The Company has raised Rs 7,289 crores of fresh deposits during the year. The outstanding deposits (including inter corporate deposits) as at March 31, 2021, were Rs 17,129 crores as against Rs 16,470 crores (including inter corporate deposits) outstanding last year, registering a growth of 4%.


June 30, 2021 Result

August 05, 2021; PNB Housing Finance its consolidated net profit fell over 5 percent to Rs 243.28 crore for the first quarter ended June 30, as the business was impacted due to the second wave of the coronavirus pandemic.3

The non-banking finance company had posted a net profit of Rs 257.18 crore in the year-ago period. On a sequential basis, it was higher than Rs 127 crore in the March 2021 quarter.

On its proposed Rs 4,000 crore capital raise plan, PNB Housing Finance said: "The company on 20th June 2021, filed an appeal before the Securities Appellate Tribunal (SAT) against the letter issued by SEBI. The case is currently sub-judice under SAT with the final order awaited".

The deal was announced on May 31, 2021, in which a clutch of investors led by a US-based Carlyle group will pick up equity and warrants of the company for a Rs 4,000 crore fund infusion.

Under the deal, Pluto Investments S.a.r.l. and Salisbury Investments Pvt Ltd would acquire an equity stake in PNB Housing Finance. State-owned Punjab National Bank holds a little over 32 percent stake in the company.

The issue, which is subject to legal, shareholder and regulatory approvals, has reached the SAT after it came under the lens of markets regulator Sebi for valuation of the shares to be offered.

PNB Housing Finance has challenged Sebi's directive and the matter is before the Securities Appellate Tribunal (SAT), which has reserved its order.

Meanwhile, in a significant development, the Competition Commission has given its nod for the proposed investments by Carlyle Group and other investors in PNB Housing Finance Ltd.

The transaction has been approved by the Competition Commission of India (CCI) under the Green Channel.

The equity and warrants are fixed to be issued at Rs 390 a share, much lower than the current prevailing price of the company's shares on the stock exchanges.

The total income (consolidated) of PNB Housing fell to Rs 1,692.88 crore in Q1FY22, as against Rs 1,872.33 crore in Q1FY21, the company said in a regulatory filing.

On a standalone basis, the net profit during the quarter was Rs 234.96 crore, compared to Rs 259.61 crore a year ago.

The total income stood at Rs 1,676.45 crore in June 2021 quarter, lower than Rs 1,868.58 crore in the year-ago period.

"The second wave of COVID-19 impacted the business performance of the company as compared to last quarter. Despite this, the company recorded healthy profits and margins during the quarter. The company continues to focus on increasing its digital footprints, grow retail business with efficient underwriting and collection models and optimise costs to create value for all its stakeholders," Hardayal Prasad, Managing Director and CEO, PNB Housing Finance, said.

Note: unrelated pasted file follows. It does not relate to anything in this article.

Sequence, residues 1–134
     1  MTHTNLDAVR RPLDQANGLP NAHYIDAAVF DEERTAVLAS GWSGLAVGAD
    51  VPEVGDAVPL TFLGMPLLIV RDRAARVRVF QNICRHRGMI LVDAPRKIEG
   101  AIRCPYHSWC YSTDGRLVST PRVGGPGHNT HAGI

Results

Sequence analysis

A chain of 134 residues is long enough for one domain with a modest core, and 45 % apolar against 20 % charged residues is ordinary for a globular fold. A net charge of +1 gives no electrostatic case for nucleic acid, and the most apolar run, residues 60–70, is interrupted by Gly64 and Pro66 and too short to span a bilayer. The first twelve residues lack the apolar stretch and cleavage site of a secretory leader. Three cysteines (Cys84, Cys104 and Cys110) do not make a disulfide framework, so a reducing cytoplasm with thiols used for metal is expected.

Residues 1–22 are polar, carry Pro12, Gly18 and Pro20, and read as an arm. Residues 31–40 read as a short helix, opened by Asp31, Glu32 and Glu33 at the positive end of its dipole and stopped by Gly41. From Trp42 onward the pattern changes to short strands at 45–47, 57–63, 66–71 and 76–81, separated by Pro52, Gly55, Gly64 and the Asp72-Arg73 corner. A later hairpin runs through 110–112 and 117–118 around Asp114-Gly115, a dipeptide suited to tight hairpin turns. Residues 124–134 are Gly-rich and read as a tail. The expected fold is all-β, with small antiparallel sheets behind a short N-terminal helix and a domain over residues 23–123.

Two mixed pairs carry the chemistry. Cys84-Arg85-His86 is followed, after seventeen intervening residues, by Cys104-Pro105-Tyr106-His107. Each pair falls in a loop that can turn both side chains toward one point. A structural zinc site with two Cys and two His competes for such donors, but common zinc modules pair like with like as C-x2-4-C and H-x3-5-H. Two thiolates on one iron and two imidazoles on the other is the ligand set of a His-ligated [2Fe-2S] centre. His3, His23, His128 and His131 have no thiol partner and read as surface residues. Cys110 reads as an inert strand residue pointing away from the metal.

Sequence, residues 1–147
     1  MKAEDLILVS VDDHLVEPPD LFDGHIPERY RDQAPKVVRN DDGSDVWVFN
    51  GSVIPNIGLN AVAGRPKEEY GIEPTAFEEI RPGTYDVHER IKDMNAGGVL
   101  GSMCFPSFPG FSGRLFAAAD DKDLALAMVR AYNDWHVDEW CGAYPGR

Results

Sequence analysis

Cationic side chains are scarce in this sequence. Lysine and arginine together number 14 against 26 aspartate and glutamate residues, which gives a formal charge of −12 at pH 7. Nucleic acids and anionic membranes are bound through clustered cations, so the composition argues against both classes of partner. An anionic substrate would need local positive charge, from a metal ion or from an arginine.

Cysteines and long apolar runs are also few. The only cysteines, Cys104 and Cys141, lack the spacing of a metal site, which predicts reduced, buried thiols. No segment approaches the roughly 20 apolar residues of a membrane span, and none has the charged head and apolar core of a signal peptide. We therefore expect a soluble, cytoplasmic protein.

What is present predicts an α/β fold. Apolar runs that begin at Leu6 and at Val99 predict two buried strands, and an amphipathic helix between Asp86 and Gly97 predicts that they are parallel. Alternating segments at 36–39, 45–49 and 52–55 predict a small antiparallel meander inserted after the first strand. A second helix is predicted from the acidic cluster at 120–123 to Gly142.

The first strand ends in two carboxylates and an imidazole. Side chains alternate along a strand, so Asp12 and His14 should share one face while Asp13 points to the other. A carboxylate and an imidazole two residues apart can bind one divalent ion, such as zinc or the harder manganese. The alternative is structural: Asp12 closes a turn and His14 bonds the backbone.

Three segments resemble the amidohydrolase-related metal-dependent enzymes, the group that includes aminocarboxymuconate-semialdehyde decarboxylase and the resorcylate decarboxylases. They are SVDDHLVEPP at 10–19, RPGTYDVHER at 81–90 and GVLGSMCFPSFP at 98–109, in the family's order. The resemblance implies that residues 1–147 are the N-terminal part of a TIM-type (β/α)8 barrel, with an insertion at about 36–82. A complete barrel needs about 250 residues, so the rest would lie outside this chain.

The net interest income grew nearly 13 percent to Rs 550 crore during the quarter from Rs 448 crore in the year-ago period.

On the asset front, the gross non-performing assets (NPAs or bad loans) spiked to 6 percent of the gross advances by June 30, 2021, from 2.76 percent a year ago.

The net NPAs too soared to 3.61 percent from 1.67 percent.

The company's gross NPAs stood at Rs 3,625 crore by end of Q1FY22. It also made provisions worth Rs 2,700 crore against expected credit loss (ECL). It held Rs 995 crore as a regulatory provision, following the National Housing Bank (NHB) norms.

The CRAR (capital to risk-weighted assets ratio) improved to 21.4 percent by June-end this year from 18.73 percent.

However, the cost to income ratio rose to 16.6 percent from 15.1 percent, mainly because of lower fee income to lesser disbursements as business operations were impacted due to the lockdown.

PNB Housing said it will continue to focus on its affordable housing "Unnati" book, which registered a growth of 163 percent year-on-year in disbursements during the quarter at Rs 123 crore.

The loan book under Unnati stands at Rs 2,986 crore.

The total disbursements during the quarter stood at Rs 1,759 crore. Of this, Rs 1,652 crore was towards retail and Rs 107 crore towards corporate.

Prasad said the company continues to reduce its corporate book and focuses on the retail segment.

On its corporate book remedial actions, the company said it has achieved resolutions in IREO Pvt Ltd with an outstanding of Rs 150 crore with zero haircuts; Windlass Developers Rs 30 crore; Pate Developers Rs 20 crore (nil haircut) and three other NPA accounts with Rs 4 crore outstanding and nil credit loss.

Besides, the accounts of Vipul Ltd (Rs 353 crore outstanding) and Ornate Pvt Ltd (Rs 181 crore) are in the final stages of resolution.

Resolutions are underway on NPA accounts -- Supertech Ltd (Rs 244 crore); Radius (Rs 259 crore) and Arena Superstructure Pvt Ltd (Rs 187 crore).


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Created by Asif Farooqui on 2021/08/29 12:09